The Syrian Government in 2004 continued to provide political and material support to both Lebanese Hizballah and Palestinian terrorist groups. HAMAS, Palestinian Islamic Jihad (PIJ), the Popular Front for the Liberation of Palestine (PFLP) and the Popular Front for the Liberation of Palestine-General Command (PFLP-GC), among others, continue to operate from Syria, although they have lowered their public profiles since May 2003, when Damascus announced that the groups had voluntarily closed their offices. Many of these Palestinian groups, in statements originating from both inside and outside of Syria, claimed responsibility for anti-Israeli terrorist attacks in 2004. The Syrian Government insists that these Damascus-based offices undertake only political and informational activities. Syria also continued to permit Iran to use Damascus as a transshipment point for resupplying Lebanese Hizballah in Lebanon.
Syrian officials have publicly condemned international terrorism, but make a distinction between terrorism and what they consider to be the legitimate armed resistance of Palestinians in the occupied territories and of Lebanese Hizballah. The Syrian Government has not been implicated directly in an act of terrorism since 1986, although Israeli officials accused Syria of being indirectly involved in the August 31, 2004, Beersheva bus bombings that left 16 dead.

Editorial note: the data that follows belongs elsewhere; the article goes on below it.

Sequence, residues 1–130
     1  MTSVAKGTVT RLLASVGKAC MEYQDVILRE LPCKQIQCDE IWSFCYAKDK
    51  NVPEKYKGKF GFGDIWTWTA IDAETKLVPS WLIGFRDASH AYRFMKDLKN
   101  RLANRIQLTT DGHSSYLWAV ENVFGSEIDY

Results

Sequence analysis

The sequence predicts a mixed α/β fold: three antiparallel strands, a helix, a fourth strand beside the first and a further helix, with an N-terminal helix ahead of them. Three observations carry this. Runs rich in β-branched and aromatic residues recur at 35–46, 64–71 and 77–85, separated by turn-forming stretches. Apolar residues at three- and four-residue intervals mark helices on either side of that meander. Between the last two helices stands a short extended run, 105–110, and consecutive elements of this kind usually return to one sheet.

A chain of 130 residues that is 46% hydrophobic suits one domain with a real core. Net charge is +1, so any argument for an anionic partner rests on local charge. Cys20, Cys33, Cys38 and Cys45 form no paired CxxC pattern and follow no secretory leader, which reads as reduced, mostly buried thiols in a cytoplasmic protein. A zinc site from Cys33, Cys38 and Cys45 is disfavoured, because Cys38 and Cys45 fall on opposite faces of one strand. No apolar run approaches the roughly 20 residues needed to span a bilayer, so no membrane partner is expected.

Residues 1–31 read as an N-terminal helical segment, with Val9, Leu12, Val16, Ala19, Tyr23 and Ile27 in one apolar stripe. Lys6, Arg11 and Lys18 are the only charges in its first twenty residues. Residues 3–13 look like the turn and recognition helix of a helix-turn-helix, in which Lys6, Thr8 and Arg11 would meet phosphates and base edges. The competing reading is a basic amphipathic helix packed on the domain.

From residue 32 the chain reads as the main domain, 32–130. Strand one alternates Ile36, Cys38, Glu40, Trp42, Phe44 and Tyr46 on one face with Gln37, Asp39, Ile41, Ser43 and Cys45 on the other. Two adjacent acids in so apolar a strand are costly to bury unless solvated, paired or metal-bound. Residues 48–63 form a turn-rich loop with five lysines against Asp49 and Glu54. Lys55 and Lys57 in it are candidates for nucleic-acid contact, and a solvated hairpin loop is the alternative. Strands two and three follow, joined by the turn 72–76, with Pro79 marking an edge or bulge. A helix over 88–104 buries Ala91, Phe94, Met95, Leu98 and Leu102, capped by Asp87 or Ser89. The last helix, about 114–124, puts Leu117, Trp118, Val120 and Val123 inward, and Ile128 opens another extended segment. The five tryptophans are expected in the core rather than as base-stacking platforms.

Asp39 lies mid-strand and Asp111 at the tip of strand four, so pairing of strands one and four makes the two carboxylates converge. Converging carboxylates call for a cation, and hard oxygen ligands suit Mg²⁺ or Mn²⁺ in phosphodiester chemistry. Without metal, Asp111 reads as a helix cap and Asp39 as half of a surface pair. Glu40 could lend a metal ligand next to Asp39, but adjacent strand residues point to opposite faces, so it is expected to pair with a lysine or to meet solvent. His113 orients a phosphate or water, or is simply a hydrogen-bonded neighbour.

Damascus has cooperated with the United States and other foreign governments against al-Qa'ida and other terrorist organizations and individuals; it also has discouraged signs of public support for al-Qa'ida, including in the media and at mosques.
In September 2004, Syria hosted border security discussions with the Iraqis and took a number of measures to improve the physical security of the border and establish security cooperation mechanisms. Although these and other efforts by the Syrian Government have been partly successful, more must be done in order to prevent the use of Syrian territory by those individuals and groups supporting the insurgency in Iraq.